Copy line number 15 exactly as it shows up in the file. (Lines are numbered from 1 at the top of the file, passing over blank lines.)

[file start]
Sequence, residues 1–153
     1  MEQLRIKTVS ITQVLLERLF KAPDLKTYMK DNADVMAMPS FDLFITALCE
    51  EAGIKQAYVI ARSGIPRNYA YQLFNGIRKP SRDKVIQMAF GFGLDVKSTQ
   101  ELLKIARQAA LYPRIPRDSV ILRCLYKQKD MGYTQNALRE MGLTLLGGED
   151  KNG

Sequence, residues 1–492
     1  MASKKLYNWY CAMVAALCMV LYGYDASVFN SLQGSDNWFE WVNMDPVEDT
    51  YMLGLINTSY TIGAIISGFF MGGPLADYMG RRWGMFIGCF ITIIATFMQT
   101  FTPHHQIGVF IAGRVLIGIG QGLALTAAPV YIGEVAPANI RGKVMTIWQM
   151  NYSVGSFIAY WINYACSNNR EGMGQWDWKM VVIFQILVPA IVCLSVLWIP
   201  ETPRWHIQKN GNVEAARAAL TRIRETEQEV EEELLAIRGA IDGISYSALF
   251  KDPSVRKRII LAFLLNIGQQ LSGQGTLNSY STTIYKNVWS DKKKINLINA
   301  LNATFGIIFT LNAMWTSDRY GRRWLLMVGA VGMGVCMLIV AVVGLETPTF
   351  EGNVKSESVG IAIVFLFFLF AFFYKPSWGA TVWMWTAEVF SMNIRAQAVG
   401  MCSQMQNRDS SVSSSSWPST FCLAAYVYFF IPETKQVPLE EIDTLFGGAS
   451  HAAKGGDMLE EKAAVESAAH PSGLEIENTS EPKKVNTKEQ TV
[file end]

   401  MCSQMQNRDS SVSSSSWPST FCLAAYVYFF IPETKQVPLE EIDTLFGGAS